Even when playing in a dead rubber Scotland can flirt with a way of taking a significant hit. A goal down at half-time, they faced coming up short when challenged with the meagre ambition of finishing third in Group I.
But they finally got to grips with their lowly opponents to score two quickfire second-half goals by John McGinn and skipper Steven Naismith. McGinn, the current team’s version of Denis Law, got his second of the night in time added on to make it seven goals in his last six outings. Such clinical finishing against this particular set of opponents has proved eight months too late.
Tens of thousands of empty seats told their own story following a campaign to forget but the reported crowd of 19,515 was still impressive in the circumstances. All attention has long been focused on the play-off semi-final in March, with the opposition to be revealed at Friday’s draw in Nyon. It will be at home against one of Bulgaria, Israel, Romania or Hungary.
Before that Steve Clarke’s side were required to negotiate a final qualifier without mishap in order to at least live up to their third-seed billing. This matters in term of the next World Cup qualifying campaign. They got off to the worst possible start after falling behind in the first half thanks to an unstoppable shot by Baktiyor Zainutdinov. Frustratingly for Clarke, who prides himself in being able to organise teams defensively, it was the product of more poor defending.
Clarke named an unchanged team for the first time in four double-headers in an attempt to ensure some momentum following Saturday’s 2-1 win over Cyprus on a warm afternoon in Nicosia. Scotland, by contrast, seem contractually bound to play games on dark, dreich nights at Hampden these days. This was just the latest of them.
The mood matched the conditions when Zainutdinov’s shot from 25 yards kissed the inside of Marshall’s post. It was the fourth successive goal Kazakhstan had put past Scotland in this campaign. Whether Scotland could find a reply after proving so toothless in March was the burning question.
Kazakhstan, now ranked 121 in the world, have won only twice in eight games since then, both times against San Marino. The race for third place was still very much alive in the second half of the last match of the campaign. Indeed, Scotland were the ones playing catch-up at this stage. This was not the plan.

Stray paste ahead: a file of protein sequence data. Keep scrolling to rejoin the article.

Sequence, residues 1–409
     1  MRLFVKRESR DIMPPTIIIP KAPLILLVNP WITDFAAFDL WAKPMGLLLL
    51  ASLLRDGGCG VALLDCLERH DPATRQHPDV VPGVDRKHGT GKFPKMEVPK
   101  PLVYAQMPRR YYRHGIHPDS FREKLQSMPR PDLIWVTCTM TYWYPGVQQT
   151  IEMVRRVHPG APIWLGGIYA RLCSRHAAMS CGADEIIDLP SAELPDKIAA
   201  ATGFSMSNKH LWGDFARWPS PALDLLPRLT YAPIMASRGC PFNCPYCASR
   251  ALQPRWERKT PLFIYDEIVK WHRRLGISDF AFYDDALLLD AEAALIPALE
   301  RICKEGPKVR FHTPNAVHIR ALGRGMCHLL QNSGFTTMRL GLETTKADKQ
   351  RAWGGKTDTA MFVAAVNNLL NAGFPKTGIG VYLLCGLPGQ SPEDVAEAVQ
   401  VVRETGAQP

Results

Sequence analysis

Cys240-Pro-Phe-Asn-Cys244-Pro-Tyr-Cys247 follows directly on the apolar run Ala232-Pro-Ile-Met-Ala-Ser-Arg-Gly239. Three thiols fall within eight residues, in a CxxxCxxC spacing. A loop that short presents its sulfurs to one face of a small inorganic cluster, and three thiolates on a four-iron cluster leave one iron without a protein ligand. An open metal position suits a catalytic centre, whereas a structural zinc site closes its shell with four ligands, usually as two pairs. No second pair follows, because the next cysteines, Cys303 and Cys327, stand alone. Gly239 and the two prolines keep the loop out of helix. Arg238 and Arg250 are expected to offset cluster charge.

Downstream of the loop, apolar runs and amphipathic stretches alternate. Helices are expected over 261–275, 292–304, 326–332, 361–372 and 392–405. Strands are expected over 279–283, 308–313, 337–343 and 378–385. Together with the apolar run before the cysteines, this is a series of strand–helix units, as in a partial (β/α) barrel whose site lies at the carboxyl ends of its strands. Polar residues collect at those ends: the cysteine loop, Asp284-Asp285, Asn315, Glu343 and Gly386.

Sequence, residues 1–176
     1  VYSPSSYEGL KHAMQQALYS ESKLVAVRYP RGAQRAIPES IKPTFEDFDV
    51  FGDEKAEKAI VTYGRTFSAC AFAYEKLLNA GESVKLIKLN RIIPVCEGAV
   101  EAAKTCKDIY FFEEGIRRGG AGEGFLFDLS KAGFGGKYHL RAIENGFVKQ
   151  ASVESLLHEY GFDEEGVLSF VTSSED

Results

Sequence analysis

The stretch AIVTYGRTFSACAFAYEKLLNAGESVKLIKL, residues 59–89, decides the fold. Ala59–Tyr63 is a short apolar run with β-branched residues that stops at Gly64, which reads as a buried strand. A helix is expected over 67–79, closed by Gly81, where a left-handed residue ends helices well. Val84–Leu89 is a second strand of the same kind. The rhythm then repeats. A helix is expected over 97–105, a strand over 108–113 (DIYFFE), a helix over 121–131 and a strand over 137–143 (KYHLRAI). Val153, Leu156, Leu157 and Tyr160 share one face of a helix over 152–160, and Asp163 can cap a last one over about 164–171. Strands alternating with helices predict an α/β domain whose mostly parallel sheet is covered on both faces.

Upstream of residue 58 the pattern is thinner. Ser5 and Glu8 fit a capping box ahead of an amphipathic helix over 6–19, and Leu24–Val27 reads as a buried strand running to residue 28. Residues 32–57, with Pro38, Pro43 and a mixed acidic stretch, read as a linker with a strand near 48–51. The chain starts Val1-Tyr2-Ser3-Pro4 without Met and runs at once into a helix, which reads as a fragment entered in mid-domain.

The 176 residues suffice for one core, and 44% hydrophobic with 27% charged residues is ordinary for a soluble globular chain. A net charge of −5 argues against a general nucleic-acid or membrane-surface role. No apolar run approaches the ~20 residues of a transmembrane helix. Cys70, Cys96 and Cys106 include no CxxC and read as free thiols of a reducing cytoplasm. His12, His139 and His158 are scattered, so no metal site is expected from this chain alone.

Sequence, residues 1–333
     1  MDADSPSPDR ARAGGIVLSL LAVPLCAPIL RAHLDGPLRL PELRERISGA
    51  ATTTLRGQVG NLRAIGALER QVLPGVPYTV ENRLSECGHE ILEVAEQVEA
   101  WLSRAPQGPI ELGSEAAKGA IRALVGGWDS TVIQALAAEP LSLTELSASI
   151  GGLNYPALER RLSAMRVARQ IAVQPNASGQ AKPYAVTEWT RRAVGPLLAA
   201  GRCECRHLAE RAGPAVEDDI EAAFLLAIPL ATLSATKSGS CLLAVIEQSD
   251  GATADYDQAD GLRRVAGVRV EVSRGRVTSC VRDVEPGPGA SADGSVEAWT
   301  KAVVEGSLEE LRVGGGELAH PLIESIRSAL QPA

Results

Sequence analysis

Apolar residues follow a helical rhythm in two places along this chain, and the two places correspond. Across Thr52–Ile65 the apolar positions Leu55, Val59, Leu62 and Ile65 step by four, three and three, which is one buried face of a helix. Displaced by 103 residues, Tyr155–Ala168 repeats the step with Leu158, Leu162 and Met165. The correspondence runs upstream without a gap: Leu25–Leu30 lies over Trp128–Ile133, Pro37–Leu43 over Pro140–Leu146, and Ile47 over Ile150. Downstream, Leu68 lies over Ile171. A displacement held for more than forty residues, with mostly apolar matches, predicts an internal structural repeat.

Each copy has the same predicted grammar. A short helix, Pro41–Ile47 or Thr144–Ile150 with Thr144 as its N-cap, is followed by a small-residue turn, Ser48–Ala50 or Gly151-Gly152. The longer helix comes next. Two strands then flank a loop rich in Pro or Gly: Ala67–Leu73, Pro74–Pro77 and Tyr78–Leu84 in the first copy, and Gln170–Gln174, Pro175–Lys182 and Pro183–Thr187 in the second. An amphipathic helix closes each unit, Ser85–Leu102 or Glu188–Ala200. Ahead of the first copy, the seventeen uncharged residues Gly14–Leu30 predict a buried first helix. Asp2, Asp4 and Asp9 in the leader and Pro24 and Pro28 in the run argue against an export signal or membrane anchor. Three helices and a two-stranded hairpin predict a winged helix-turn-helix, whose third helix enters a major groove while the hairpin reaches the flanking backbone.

But it was not completely surprising. The visitors had carved out the first chance of the game and probably should have taken an early lead when Dmitri Shomko’s cross to the back post eluded Declan Gallagher and presented Aleksei Schetkin with a chance. Greg Taylor did just enough to put him off and Marshall was able to collect relatively easily.
The hosts were being restricted to rather more hopeful efforts from the edge of the box. McGinn tried his luck with a shot that took a few bounces across the turf before spinning past the far post. At this stage Ryan Christie looked the more likely to add to his goal from Saturday against Cyprus. A curling, dipping shot almost caught out Dmytro Nepogodov at his near post. Another effort from the Celtic midfielder almost caught out the keeper after it was flicked on by Naismith. Scotland were looking more dangerous after surviving a nervy opening spell but were rocked by the loss of the opening goal after 33 minutes. As seems so often the case, once again they were authors of their own downfall. Palmer conceded possession sloppily on the right allowing Aleksei Schetkin to play a ball into Zainutdinov’s feet.
The FC Rostov player took a touch and then was pleasantly surprised to find no Scotland players seeking to close him down. McKenna, if anything, backed off. Zainutdinov took full opportunity to lash a curling left-footed shot into the net off a post. Marshall did not stand a chance. When Christie’s free-kick from a promising position cleared the bar in time added on at the end of the first half, Scotland were left with 45 minutes to salvage something from the campaign. A foul on Naismith on the edge of the box a couple of minutes into the second half provided Scotland with another tempting opportunity.
This time McGinn took the responsibility and while his effort was powerfully struck and may well have beaten the keeper in any case, a deflection off skipper Bauyrzhan Islamkhan guaranteed there was no way of stopping it.
Scotland now sensed three points. It would be wrong to claim they were roared on to victory, but the faithful few inside Hampden did their bit.
James Forrest shot just past the upright and Naismith was denied only by a near-post block after good work by Christie and Palmer. It was fitting that the Hearts striker scored the winner. He has put so much on the line to play after an injury-hit season and showed determination to get his head to Palmer’s heavily deflected cross to score his tenth international goal. Naismith will acknowledge the help of McGinn, who bundled the keeper to the turf.
The Aston Villa midfielder himself scored Scotland’s third in the 91st minute turning in Taylor’s cross from the left.